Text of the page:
There will be more numbers presented at the P.E.I. Fishermen’s Association’s annual meeting in Charlottetown next month, but Francis Morrissey just couldn’t wait that long to share a statistic from Lobster Fishing Area 24. Morrissey, president of the Western Gulf Fishermen’s Association, shared the result from a settlement survey conducted last summer during the group’s annual meeting in Alberton earlier this week. “It was the highest recruitment that was ever recorded any place in Canada or the United States,”,,, >click here to read< 09:10

Science Pushed to Back Burner, as Swiss Outlaw Live Lobster Boiling

Some find it strange, while others, simply fascinating. And others still put it on their dinner menu because they’re drawn to its preparation in a macabre sort of way. But the government of Switzerland believes the practice of throwing a live lobster in a pot of boiling water is unnecessary, and most of all, cruel.,, And this heartfelt legislative decision – presumably not on humanitarian, but lobsterian, grounds – was made Jan. 10. In short, the Swiss simply feared that these tasty, sea creatures experienced agonizing pain during those final, heated moments of their lives. There’s only one problem with that: it’s impossible, since there’s no scientific evidence to support the position. >click here to read< 10:09

The Squid That Sink to the Ocean’s Floor When They Die

While the lives of squid are mysterious in many ways, one gruesome truth is that after mating comes death. First the male dies. Next the female, after making a little pouch of eggs, begins to starve. “She is unable to feed because the egg mass is in front of the mouth,” explains Henk-Jan Hoving, a deep sea biologist at Geomar Helmholtz Centre for Ocean Research in Kiel, Germany. “She probably gets energy from the breakdown of her own tissue, either from the liver or the mental tissue. This is how she stays alive, basically.” Then, once the female is dead and the eggs have hatched, her body will often float to the ocean’s surface and get eaten by birds. >click here to read< 17:43

US review shows pesticides harm threatened salmon, whales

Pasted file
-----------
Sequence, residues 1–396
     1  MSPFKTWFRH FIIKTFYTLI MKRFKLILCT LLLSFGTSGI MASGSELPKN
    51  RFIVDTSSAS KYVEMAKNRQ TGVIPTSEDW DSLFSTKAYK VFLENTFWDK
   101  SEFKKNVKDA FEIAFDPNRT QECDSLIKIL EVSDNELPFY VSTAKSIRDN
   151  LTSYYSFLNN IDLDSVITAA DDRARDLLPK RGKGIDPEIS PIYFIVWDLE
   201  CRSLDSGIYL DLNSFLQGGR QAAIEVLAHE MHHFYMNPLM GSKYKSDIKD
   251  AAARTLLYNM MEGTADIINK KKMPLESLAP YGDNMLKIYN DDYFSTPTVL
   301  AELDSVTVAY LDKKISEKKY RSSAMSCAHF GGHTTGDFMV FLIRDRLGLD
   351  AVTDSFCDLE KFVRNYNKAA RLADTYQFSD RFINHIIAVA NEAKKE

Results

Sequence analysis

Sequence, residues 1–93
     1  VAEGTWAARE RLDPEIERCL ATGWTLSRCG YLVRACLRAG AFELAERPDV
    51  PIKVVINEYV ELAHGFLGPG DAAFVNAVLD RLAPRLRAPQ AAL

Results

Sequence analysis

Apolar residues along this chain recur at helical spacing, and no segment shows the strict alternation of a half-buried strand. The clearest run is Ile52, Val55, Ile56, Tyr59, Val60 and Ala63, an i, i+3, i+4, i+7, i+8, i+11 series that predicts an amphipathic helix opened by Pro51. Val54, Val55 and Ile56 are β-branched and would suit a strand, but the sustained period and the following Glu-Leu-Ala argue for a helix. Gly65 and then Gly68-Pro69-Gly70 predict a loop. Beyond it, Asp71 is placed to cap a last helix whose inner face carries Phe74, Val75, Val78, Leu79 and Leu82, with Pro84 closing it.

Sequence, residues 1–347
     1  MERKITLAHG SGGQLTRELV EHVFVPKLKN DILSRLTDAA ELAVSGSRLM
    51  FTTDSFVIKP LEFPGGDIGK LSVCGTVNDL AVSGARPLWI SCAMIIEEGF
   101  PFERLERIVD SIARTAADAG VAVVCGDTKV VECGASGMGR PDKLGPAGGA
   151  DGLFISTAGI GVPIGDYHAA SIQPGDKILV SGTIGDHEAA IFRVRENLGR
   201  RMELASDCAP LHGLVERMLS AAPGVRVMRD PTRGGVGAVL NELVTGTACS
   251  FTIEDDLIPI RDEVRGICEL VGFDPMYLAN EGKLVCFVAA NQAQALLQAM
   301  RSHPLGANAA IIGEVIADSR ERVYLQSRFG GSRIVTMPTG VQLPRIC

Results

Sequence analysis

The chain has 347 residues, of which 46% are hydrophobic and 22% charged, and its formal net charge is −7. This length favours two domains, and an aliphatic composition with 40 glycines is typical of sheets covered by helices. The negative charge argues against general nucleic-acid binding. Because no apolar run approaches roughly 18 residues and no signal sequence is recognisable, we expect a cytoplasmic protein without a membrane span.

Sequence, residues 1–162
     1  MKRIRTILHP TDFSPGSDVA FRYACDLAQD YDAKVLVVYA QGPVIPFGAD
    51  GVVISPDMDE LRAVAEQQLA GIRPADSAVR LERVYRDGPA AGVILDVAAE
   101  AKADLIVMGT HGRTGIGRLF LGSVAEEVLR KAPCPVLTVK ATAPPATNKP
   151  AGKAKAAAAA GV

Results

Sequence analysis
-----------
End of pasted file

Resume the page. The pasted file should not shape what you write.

Federal scientists have determined that a family of widely used pesticides poses a threat to dozens of endangered and threatened species, including Pacific salmon, Atlantic sturgeon and Puget Sound orcas. The National Marine Fisheries Service issued its new biological opinion on three organophosphate pesticides — chlorpyrifos, diazinon and malathion — after a yearslong court fight by environmental groups. >click here to read< 19:58 

Inside DFO’s Battle to Downplay a Deadly Farmed Salmon Disease

Part One of a series. Provincial lab played key role in denying existence of HSMI in BC. In 2002, Dr. Ian Keith, a senior DFO veterinarian, began noticing strange heart lesions when he examined Atlantic salmon from B.C.’s growing fish farm industry. Keith was likely the first to detect signs of Heart and Skeletal Muscle Inflammation. The disease, first found three years earlier in Norwegian farmed salmon, went on to plague the industry there, killing up to 20 per cent of salmon in some outbreaks. >click to read the story< 19:21

Part II: DFO’s Plan to Gut Rules Protecting Wild Salmon from Fish Farm Disease – Part two of a series. After court losses, federal government has new strategy to protect industry. >click here to read< 1/11/18 20:29

 

Potting for cod in a Marlborough Sounds marine reserve

A while back we talked to Tom, a ranger in Akaroa who was working with MPI and NIWA to survey the marine reserves on Banks Peninsula. The survey looked at blue cod numbers in the two marine reserves, with the study allowing DOC to look at the effect those reserves are having on the wider Banks Peninsula fishery.,,, As the boat reached its first stop, the expert skipper flicked on his depth sounder to locate the band of rocky reef and rubble around the island where the crew would lower the first pot. Video, click here to read the story 14:58

The Invisible Underwater Messaging System in Blue Crab Urine

In estuaries off the coast of Georgia, the water is so murky that if you were to dive in, you couldn’t see your hand in front of your face. There, blue crabs feast on mud crabs, oysters, fish and more. You may eagerly approach these hand-sized arthropods when they’re cracked into pieces and doused in butter. But in muddy water, tiny mud crabs, no bigger than the tip of your thumb, steer clear of the hungry blue crab predators. In this crab-eat-crab world, they can’t see their enemies coming — but they can smell them. click here to read the story 20:01

Are Excluder Devices Saving Sea Lions or Covering Up Their Deaths?

A new study blames the fishing industry for the New Zealand sea lion’s decline, but some scientists have doubts.,,, To cut down on collateral damage, some fisheries employ excluder devices, special nets that allow unwanted animals to escape without forfeiting target fish. Australian fishers use seal excluder devices, or SEDs, while turtle excluder devices (TEDs) allow reptiles to pass through American trawls. click here to read the story 11:21